View Full Version : Who was your hunting mentor...?

May 4, 2005, 08:40 PM
Who was your hunting mentor, and what were the most important things that he or she taught you?

May 4, 2005, 08:59 PM
My father, who drilled muzzle control in particular and weapons safety in general into me, so we could have a good time in the field.

Art Eatman
May 5, 2005, 09:45 PM
Me, mostly, just from observation and a lot of mistakes. And the writings of Ernest Thompson Seton. Of course, starting out to be the Intrepid Hunter at age seven might have had something to do with it.

From ETS, mostly it was "Be still!" Lots and lots of other stuff, but learning to imitate a stump is indeed a Good Thing.

:), Art

May 5, 2005, 11:49 PM
My father was... Still is at times - the guy has forgotten more about game and hunting than most ever learn. I'll forever be learning to catch up... And now he's retired and has even MORE time to devote afeild! :cool:

novus collectus
May 5, 2005, 11:53 PM
Never been hunting and I am trying to hunt next season. Anyone want to lend me their father to be my hunting mentor?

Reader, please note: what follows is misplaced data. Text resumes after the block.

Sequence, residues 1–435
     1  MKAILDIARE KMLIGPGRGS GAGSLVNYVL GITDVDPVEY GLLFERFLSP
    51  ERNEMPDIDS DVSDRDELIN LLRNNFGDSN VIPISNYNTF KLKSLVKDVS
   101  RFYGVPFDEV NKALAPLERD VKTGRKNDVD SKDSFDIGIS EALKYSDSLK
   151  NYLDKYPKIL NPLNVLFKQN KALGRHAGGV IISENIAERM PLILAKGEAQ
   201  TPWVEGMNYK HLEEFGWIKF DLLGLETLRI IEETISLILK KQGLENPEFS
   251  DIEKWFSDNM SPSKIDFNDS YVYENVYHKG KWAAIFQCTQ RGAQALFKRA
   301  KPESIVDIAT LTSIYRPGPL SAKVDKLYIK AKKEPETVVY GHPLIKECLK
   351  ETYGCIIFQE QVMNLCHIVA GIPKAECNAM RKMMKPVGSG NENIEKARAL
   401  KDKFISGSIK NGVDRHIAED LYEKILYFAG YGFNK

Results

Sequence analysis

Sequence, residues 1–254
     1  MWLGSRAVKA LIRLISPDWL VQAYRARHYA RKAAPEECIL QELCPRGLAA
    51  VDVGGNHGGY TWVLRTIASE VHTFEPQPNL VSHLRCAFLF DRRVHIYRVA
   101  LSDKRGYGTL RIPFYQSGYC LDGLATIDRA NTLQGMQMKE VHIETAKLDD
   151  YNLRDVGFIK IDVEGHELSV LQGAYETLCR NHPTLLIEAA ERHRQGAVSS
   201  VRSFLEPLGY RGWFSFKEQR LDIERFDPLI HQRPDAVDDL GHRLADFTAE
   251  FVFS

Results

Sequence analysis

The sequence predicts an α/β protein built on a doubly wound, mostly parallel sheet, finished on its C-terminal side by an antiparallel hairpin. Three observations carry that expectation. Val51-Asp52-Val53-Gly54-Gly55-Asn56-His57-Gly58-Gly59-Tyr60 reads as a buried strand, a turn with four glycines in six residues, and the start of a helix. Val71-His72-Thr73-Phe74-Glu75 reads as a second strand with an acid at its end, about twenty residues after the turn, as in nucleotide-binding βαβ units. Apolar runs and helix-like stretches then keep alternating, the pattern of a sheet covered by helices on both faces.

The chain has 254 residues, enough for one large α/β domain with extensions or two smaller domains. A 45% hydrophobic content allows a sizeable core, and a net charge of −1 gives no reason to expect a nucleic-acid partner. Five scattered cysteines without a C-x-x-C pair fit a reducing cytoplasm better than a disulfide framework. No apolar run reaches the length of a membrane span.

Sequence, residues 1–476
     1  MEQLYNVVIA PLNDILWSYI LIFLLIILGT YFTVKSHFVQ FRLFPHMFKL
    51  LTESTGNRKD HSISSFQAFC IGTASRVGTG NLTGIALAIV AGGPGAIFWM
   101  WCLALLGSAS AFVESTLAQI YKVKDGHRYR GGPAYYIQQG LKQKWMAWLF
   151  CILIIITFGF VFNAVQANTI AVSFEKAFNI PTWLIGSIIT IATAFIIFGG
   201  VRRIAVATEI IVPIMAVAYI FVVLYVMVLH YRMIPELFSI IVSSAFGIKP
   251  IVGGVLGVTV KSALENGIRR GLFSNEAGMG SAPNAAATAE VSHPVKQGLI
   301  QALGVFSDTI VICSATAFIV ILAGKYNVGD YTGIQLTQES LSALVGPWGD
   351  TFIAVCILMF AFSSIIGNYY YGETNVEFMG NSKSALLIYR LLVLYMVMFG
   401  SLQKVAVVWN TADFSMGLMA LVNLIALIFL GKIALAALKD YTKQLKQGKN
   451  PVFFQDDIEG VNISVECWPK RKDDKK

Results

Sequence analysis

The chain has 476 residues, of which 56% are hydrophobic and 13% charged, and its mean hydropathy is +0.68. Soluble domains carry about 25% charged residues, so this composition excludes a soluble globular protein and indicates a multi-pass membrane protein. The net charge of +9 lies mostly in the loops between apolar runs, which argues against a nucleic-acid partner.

May 6, 2005, 01:44 AM
I found it very helpful to read many, many issues of Outdoor Life, Field & Stream, Sports Afield, Petersen's Hunting etc... Some libraries stock several years of back issues to take out and the issues from Sept.-Feb. usually have a lot of hunting related articles. It took me a long time to start to become successful at small game, but once I did, it paid dividends in deer hunting.

Quickdraw Limpsalot
May 6, 2005, 06:07 AM
My Father, my Grandfather, Mother Nature, and Murphy's Law.

May 6, 2005, 08:38 AM
My Father and Father-in-Law to begin with, along with uncles and friends.
Rule #1 my Dad taught me was that if you want to be a good hunter, first thing is to get out in the woods!